DNA Test Available Through U Hospital Helps Diagnose People with Rare Blood Vessel Disorder

DNA Test Available Through U Hospital Helps Diagnose People with Rare Blood Vessel Disorder

Feb 17, 2004 5:00 PM

University of Utah Hospitals & Clinics--one of only eight U.S. centers that specializes in diagnosing and treating the hard-to-detect blood vessel disorder HHT--now offers a DNA test to diagnose people at high risk for having the problem.

HHT (Hereditary Hemorrhagic Telangiecstasia), marked by recurring nosebleeds and abnormal blood vessels in the brain, lungs, liver, spine, and gastrointestinal tract, can lead to brain abscesses and strokes. More than 95 percent of people with HHT suffer nosebleeds by adulthood. Lung and brain malformations, usually present at birth, are seen in 30 percent and 10 percent, respectively, of those who have the disorder. Approximately one of every 5,000 people has HHT, which often is misdiagnosed or not diagnosed at all, according to Jamie McDonald, genetic counselor and coordinator of University Hospital's HHT clinic.

"Many patients are unaware they have HHT until they suffer a brain abscess or stroke," McDonald said.

The U's HHT clinic has focused on clinical management of adults with this disorder through preventive lung and brain screening for blood vessel malformations and by evaluating people for anemia. But until now, diagnosing HHT has been difficult in children and infants since the physical signs of the disorder don't become obvious until adulthood. As a result, children with HHT usually aren't diagnosed and don't receive appropriate screening for potential life-threatening abnormalities that can be treated if detected early.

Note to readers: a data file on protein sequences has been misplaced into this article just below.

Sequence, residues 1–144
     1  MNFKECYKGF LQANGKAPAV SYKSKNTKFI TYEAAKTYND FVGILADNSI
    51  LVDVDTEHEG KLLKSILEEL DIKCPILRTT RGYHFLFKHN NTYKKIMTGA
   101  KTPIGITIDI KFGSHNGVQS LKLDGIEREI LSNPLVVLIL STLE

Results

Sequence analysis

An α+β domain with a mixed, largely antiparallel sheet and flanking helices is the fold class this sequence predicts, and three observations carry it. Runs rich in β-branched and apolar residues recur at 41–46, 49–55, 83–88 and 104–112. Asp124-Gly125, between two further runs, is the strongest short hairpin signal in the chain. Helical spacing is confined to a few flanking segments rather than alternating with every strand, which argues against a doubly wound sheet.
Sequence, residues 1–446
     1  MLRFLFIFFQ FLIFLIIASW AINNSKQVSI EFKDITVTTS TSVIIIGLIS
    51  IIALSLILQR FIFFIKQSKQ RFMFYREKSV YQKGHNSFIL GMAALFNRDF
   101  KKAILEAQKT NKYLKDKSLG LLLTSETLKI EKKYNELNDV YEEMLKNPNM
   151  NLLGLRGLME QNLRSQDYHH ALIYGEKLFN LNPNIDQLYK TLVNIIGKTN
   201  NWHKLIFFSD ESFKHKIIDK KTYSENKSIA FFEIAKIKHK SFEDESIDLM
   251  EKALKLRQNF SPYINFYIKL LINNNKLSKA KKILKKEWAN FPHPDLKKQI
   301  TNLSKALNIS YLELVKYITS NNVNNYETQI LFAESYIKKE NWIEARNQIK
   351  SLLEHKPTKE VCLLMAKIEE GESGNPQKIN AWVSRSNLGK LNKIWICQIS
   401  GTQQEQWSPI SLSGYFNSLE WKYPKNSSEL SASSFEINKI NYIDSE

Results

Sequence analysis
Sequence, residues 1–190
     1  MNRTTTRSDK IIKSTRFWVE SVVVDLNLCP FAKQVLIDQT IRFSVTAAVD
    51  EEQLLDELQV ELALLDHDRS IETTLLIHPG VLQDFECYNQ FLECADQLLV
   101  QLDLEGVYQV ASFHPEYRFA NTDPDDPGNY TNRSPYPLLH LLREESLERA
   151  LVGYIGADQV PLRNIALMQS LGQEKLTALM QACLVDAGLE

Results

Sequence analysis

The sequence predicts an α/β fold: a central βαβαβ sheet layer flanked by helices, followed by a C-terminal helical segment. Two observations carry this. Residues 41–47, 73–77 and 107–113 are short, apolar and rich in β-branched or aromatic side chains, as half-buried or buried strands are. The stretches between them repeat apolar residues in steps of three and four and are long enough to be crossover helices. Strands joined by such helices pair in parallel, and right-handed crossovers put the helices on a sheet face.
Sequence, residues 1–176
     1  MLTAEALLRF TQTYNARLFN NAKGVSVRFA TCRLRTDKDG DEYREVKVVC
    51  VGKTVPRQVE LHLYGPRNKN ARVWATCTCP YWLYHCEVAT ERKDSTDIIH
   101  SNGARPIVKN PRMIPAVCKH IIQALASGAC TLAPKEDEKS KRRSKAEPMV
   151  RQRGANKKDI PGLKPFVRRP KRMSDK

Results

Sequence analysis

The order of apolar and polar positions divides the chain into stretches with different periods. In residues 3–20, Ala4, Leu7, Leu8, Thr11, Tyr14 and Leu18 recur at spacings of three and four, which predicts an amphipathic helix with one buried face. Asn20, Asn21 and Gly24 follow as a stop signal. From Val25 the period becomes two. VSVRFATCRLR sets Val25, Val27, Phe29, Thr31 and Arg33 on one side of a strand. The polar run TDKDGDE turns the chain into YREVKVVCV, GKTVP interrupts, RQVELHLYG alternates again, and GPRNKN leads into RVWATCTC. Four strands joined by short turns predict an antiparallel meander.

Last month the HHT clinic at University Hospital, in conjunction with the Molecular Genetics Laboratory at ARUP (Associated Regional and University Pathologists), began offering a DNA test that will make it easier to diagnose those high-risk and uncertain cases. The test can confirm HHT by identifying parents or grandparents with a mutation in the gene and then determining which child or grandchild inherited it. This allows preventive screening in only those who have mutations, according to Franklin J. Miller Jr., M.D., professor of radiology at the University of Utah School of Medicine and interventional radiologist at the HHT clinic.

"When brain or lung malformations are detected during screening, we can take action to prevent brain abscesses or strokes," Miller said.

Approximately 20 percent of patients already have suffered a stroke or brain abscess, usually from a lung malformation, by the time they visit the University's HHT clinic, McDonald said. She estimates that 100,000 people nationwide and as many as 1 million worldwide have HHT.

For more information on the University Hospital HHT clinic, or the DNA test, call Tiwanda Horace at 818-581-8188. The HHT Foundation International also has a Web site at www.hht.org, which offers detailed information about the disorder for both patients and physicians.

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